Search Results

You are looking at 1 - 5 of 5 items for

  • Author or Editor: Angelo Peli x
  • Refine by Access: All Content x
Clear All Modify Search

Abstract

Objective—To evaluate the effect of passive transfer status, determined by measuring serum IgG concentration 24 hours after parturition, on preweaning growth performance in dairy lambs.

Design—Prospective observational study.

Animals—20 healthy Sardinian dairy lambs.

Procedures—Serum IgG concentration was meaured 24 hours after birth. Body weight was measured at birth and at the time of weaning 28 days (ie, 27 to 29 days) after birth. Mean daily gain from birth to day 28 and day 28 weight were used as measures of preweaning growth performance. Regression analysis was used to evaluate associations between serum IgG concentration 24 hours after birth and measures of preweaning growth performance.

Results—Mean ± SD serum IgG concentration 24 hours after birth was 24.6 ± 17.5 mg/mL. Mean body weights at birth and weaning were 2,696 ± 937 g and 9,253 ± 2,116 g, respectively, and mean daily gain was 234 ± 63 g/d. No significant association was detected between serum IgG concentration 24 hours after birth and birth weight. However, serum IgG concentration 24 hours after birth was significantly associated with mean daily gain (R 2 = 0.25). Each 1 mg/mL increase in serum IgG concentration 24 hours after birth was associated with a 1.8 g/d increase in mean daily gain and a 60.8-g increase in day 28 weight.

Conclusions and Clinical Relevance—Results indicated that passive transfer status, determined as serum IgG concentration 24 hours after birth, was a significant source of variation in preweaning growth performance in dairy lambs.

Full access
in Journal of the American Veterinary Medical Association

Abstract

Objective—To compare 4 assay procedures for prediction of passive transfer status in lambs.

Animals—Thirty-one 1-day-old Sardinian lambs.

Procedure—Serum IgG concentration was determined by use of single radial immunodiffusion. The following were determined: serum total protein concentration as measured by refractometry (ie, refractometry serum total protein concentration), serum total protein concentration as determined by the biuret method (ie, biuret method serum total protein concentration), serum γ-globulin concentration as determined by serum protein electrophoresis, and serum γ-glutamyltransferase (GGT) activity as measured by spectrophotometry. Accuracy of these assays for estimation of serum IgG concentration in 1-day-old lambs was established by use of linear regression analysis.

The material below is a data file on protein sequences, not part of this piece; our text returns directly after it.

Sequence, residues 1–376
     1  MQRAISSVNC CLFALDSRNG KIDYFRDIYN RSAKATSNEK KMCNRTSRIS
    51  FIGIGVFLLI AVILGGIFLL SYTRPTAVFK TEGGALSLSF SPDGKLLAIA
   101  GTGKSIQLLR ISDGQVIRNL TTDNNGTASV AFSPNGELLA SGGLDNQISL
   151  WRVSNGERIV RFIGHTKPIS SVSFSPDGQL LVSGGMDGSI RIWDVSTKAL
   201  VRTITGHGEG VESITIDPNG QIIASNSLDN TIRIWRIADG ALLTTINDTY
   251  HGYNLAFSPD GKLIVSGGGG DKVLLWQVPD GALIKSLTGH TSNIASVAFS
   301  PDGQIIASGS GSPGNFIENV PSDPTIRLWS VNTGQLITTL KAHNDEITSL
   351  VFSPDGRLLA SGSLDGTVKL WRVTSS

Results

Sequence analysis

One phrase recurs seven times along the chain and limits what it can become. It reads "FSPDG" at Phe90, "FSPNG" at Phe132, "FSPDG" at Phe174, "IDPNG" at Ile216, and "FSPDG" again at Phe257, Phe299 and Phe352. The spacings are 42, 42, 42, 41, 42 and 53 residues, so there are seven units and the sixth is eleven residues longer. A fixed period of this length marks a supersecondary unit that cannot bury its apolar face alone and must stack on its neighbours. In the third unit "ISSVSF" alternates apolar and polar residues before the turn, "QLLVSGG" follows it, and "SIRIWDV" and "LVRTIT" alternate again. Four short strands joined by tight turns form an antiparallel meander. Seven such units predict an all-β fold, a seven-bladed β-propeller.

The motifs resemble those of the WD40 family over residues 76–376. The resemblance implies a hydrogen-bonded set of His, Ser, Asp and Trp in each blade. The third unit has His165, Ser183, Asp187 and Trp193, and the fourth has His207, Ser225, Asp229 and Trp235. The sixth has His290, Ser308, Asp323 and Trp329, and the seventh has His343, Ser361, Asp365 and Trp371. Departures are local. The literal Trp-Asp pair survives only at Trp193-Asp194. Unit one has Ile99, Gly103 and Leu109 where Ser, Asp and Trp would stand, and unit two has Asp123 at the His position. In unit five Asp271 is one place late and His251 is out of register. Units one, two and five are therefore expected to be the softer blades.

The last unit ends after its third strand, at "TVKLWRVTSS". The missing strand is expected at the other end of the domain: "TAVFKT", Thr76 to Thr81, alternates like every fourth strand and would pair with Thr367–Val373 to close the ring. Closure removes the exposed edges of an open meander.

Results—Refractometry serum total protein concentration, biuret method serum total protein concentration, and serum γ-globulin concentration were closely and linearly correlated with serum IgG concentration. The natural logarithm (ln) of serum GGT activity was closely and linearly correlated with serum IgG concentration (ln). Refractometry serum total protein concentration, biuret method serum total protein concentration, and γ-globulin concentration accounted for approximately 85%, 91%, and 95% of the variation in serum IgG concentration, respectively. Serum GGT activity (ln) accounted for approximately 92% of the variation in serum IgG concentration (ln).

Conclusions and Clinical Relevance—For prediction of passive transfer status in 1-day-old lambs, serum GGT activity or biuret method serum total protein concentration determination will allow for passive transfer monitoring program development. Immediate refractometry serum total protein concentration determination is beneficial in making timely management and treatment decisions. Serum γ-globulin concentration determination can be used as a confirmatory test.

Full access
in American Journal of Veterinary Research

Abstract

Objective—To evaluate and compare the gene expression of interleukin(IL)-1β, IL-8, and interferon-γ during the first 72 hours after birth in healthy foals and during the first 72 hours after hospitalization in sick neonatal foals and investigate correlations of clinicopathologic variables with cytokine expressions in healthy and sick neonatal foals.

Animals—33 foals < 7 days old (10 healthy foals, 7 foals with sepsis, 6 foals with peripartum asphyxia syndrome, and 12 foals with other diseases [2 with failure of passive transfer of immunity only were not further evaluated]).

Procedures—A blood sample (15 mL) was collected from each foal immediately after birth or hospital admission (0 hours) and at 24 and 72 hours later. Clinicopathologic variables were evaluated, and cytokine gene expression in WBCs was measured with an absolute quantitative real-time reverse transcriptase PCR assay.